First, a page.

I have been following the recent events in our beloved country with keen interest. That is why I could not possibly miss last week’s editorial comment by the managing editor of the Swazi Times newspaper.
I read and reread the article to determine why Mr Mbingo had chosen to write it and what to make of it. It appears to me that the self-styled celebrity was continuing his anti-progressive mission. The commentary was a smear campaign against Swaziland’s progressive political parties and our uprising in particular.
He was hoping to create the impression that the march had absolutely nothing to do with the now month long call for an uprising on the 12th of April. Moreover, he wanted the marching workers to divorce themselves from our movement and its members.
As expected, the Swaziland Solidarity Network was quick to intervene on behalf of the April 12 uprising movement and the ANCYL. The response, as expected, was brutal.
Who is Mbongeni Mbingo, and what is his aim in life? In other words, what legacy does he wish to leave behind when he leaves his office as managing editor of the Times of Swaziland?
Perhaps it is appropriate to contextualise his role, something which he seems never to have fully comprehended. The role he occupies is a pivotal role in Swaziland.
The Times of Swaziland, being the only independent newspaper in the country, has the responsibility of balancing the propaganda published by the Swazi Observer. In a country of a million people, there is not much which can occur in a day to enable for serious extensive reporting the day after.
Due to the fact that the Observer primarily reports in such a way as to portray the royal family and the government in a good light, the Swazi Times ought to be the counter measure to this.
Granted, censorship exists in Swaziland, and publishing articles which are directly critical of the king can lead to the publication being discontinued but there always is space for indirect criticism, which many previous editors have allowed to occur.
The Times of Swaziland under Mbingo has descended to its worst ever standards. It is a mystery that people still bother to buy the newspaper. Mbingo is clearly angling for a lucrative post, seeing that his predecessor, Martin Dlamini, was also promoted to be the Smart Partnership hub Chief Executive Officer after a somewhat drab performance in that same role.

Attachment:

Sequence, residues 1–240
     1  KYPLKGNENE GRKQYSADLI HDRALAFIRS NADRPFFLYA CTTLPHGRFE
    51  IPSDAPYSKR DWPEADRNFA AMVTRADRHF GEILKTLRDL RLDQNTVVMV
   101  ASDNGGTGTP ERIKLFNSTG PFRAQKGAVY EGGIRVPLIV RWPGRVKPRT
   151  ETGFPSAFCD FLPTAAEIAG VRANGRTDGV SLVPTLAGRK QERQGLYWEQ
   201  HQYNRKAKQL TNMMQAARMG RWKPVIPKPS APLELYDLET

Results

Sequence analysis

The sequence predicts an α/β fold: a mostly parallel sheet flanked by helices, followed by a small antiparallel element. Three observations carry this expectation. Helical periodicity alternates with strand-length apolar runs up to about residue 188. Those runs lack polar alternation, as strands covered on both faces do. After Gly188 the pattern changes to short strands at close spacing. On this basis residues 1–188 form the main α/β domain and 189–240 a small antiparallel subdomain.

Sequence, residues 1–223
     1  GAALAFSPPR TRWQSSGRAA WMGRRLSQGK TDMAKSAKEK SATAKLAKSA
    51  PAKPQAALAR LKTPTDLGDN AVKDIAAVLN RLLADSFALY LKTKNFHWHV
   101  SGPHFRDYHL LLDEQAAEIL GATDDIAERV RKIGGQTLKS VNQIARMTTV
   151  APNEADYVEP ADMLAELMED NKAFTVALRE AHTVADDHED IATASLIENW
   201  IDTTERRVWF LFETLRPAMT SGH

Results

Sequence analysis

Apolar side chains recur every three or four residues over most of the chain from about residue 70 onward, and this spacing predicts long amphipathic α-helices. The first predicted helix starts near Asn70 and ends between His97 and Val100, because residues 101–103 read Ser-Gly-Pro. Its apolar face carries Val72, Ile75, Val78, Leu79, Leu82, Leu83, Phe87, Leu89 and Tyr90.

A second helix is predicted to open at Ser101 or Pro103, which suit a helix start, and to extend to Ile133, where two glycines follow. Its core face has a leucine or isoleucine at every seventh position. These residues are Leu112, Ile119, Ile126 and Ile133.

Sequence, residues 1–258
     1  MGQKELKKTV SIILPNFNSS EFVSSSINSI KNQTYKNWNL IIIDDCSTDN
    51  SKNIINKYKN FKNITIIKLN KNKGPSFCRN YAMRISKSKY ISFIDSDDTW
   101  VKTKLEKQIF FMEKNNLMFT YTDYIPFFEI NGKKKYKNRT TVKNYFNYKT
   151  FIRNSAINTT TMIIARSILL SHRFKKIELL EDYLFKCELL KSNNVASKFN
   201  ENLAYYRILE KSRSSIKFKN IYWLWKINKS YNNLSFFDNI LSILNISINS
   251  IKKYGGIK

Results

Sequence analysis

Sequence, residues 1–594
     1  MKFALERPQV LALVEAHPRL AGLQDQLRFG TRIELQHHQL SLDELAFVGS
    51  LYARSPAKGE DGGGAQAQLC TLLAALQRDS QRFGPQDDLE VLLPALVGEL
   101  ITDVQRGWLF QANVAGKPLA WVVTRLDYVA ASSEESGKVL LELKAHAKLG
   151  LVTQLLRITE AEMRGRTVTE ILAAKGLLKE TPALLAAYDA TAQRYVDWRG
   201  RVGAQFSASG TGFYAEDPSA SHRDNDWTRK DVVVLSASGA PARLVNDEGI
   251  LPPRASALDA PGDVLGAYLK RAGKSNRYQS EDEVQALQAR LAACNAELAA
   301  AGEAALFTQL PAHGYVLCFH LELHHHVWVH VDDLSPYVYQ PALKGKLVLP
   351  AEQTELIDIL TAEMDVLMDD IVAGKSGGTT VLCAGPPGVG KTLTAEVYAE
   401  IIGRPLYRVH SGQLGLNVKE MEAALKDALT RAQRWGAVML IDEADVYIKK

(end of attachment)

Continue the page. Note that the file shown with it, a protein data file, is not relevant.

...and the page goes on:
This is the same character who, in the aftermath of a failed bombing of the Lozitha Bridge, wrote a scathing attack on the freedom fighters entitled, “Save us From These Hot Heads.” This harsh tone is reserved for members of the progressive formations. At no time does he bark at those who are on the government’s side.
The bombing of a PUDEMO member’s house by state agents last year, for example, did not elicit the same reaction from the editor. Neither did the death in detention of Sipho Jele, who was murdered for merely wearing a PUDEMO T-shirt. Of course, he may criticise one or two government acts here and there but the tone is never that which he reserves for progressives.
An incident which highlighted his bias vividly was one where one of the country’s youth formations’ presidents was taken in for questioning by the police. The mouth piece of the structure immediately released a statement to the effect that he had been arrested. After being questioned, the youth president went to the Times offices to report what had occurred.
Instead of getting the full story of the arbitrary detention and questioning its legality, Mbingo wrote a diatribe against not only the organisation in question but the entire progressive movement. In his diatribe, he was representing them as being unaccountable and dishonest, as if members knew beforehand that their president would be released immediately after being questioned.
He justified himself by claiming that people who were calling for the present government to be honest ought to be honest themselves. All this he wrote without getting the details leading up to that statement being released while the president was walking around town free.
It was Kwame Ture (Stokely Charmichael) who attributed the saying, “All criticism is an autobiography,” to George Bernard Shaw. What it means is that, critics reveal their innermost passions in their criticism of others. Although they might convince themselves that their secret is unknown and that theirs is a mere objective criticism, perceptive individuals can successfully pick up on what all this criticism means and where is comes from.
Mbongeni Mbingo is a closet conservative. In his shallow brain he sincerely believes that people are not aware of his loyalty to the king, whom he used to refer to affectionately as “Oz Majesty”.
There was a time when newspaper editors used to have conservative political views but they at least had the ability to hide them and they would allow the public to engage freely in debate in their newspapers.
This is the least we expect of all editors. No matter where you stand, at least be professional enough to allow the other side to state its case. Even as you attempt to walk the thin line between contesting ideologies, at least try to stick to universal values.
Unfairly criticising a banned youth movement when you cannot criticise the king of blatantly abusing power and state resources is an act of cowardice and contradicts the idea of speaking truth to power. It in fact aids the abuse of power.
A letter from PUDEMO recently appeared on the Times newspaper, complaining about the manner in which every article about the movement was deliberately misrepresenting it. All that this “fashionista” could do was issue an apology.
It would be best if this plastic celebrity was made the managing editor of the Observer and a sober minded individual who understands his role took over from him.